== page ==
🎭 Discover Dr. Bishop’s blog, which he describes as a “completely pointless endeavor,” and we consider one of our favorite veterinary blogs.
William Tancredi, DVM
Chief of Staff, Oak Ridge Veterinary Hospital
I predict that artificial intelligence will become ubiquitous. We’ll see increasingly advanced models used to improve the lives of veterinarians and technicians dramatically, enhance communication at every level, and raise the level of veterinary medicine practiced everywhere.
I predict it will make the people of the veterinary industry, as a whole, happier and more optimistic about their work.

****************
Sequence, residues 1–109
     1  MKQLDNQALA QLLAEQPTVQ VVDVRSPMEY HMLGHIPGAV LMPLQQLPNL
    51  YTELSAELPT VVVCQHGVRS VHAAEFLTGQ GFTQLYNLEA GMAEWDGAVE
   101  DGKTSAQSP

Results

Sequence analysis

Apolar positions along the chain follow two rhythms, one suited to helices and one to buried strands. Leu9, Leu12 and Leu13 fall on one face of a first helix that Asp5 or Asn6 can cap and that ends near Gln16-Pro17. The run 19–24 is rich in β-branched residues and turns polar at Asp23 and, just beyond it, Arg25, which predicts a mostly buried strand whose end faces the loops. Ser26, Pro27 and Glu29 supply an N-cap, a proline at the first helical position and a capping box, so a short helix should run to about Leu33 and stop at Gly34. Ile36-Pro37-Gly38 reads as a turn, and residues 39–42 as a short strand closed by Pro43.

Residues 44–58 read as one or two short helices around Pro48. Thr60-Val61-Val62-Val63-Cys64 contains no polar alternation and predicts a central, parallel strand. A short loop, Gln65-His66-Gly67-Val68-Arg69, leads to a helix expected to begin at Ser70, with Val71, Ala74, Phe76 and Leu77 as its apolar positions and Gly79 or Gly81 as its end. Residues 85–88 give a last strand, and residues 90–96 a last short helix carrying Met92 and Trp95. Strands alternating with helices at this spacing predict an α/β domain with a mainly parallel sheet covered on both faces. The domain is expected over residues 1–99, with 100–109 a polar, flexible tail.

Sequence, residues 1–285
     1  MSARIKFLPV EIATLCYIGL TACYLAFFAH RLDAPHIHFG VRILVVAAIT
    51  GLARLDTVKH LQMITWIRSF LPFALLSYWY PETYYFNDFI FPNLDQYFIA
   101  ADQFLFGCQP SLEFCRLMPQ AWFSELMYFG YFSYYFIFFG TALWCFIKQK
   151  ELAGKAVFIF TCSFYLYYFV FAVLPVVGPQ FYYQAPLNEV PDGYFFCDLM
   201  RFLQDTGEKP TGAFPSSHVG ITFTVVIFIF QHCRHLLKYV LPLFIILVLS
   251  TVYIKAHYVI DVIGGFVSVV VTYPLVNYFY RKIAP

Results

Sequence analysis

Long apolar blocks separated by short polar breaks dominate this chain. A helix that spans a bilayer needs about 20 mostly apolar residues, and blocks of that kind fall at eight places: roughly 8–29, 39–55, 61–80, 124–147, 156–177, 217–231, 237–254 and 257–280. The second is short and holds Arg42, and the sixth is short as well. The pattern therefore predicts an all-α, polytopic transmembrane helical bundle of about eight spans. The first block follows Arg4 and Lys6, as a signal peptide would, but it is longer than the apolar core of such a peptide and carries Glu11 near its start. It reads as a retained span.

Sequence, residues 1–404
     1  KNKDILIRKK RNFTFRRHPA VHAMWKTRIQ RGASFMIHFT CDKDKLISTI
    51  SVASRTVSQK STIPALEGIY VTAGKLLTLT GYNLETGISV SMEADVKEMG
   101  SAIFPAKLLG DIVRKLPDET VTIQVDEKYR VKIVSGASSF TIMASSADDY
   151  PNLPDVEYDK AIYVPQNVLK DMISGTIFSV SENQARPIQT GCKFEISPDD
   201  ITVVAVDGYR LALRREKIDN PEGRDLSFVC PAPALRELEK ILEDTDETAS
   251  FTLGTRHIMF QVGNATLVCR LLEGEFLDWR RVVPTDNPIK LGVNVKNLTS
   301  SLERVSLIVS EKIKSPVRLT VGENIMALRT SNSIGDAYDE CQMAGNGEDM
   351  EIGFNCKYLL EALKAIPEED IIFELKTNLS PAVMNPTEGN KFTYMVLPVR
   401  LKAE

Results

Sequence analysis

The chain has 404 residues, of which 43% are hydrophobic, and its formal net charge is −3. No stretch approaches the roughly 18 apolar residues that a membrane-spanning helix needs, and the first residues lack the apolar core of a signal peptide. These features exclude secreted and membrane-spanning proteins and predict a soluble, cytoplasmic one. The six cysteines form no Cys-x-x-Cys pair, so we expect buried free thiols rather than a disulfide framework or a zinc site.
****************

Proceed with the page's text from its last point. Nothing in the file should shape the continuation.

And I predict an Eagles Super Bowl win. Go Birds.
📚 Navigating the wide, weird, and sometimes wonderful world of AI? Sign up for Dr. Tancredi’s substack for insights into AI and more.
What a great group of predictions, right? Artificial intelligence clearly takes the crown as the most popular topic du jour. I’m glad that Instinct is leading the way in bringing AI into the veterinary hospital through our clinical decision support tools. Sign up for a demo if you’d like to see these in action! As for me, I’m excited to predict that 2024 will finally be the year that true pharmacy-agnostic veterinary electronic prescribing really takes off! Watch this space for more on that in the months to come.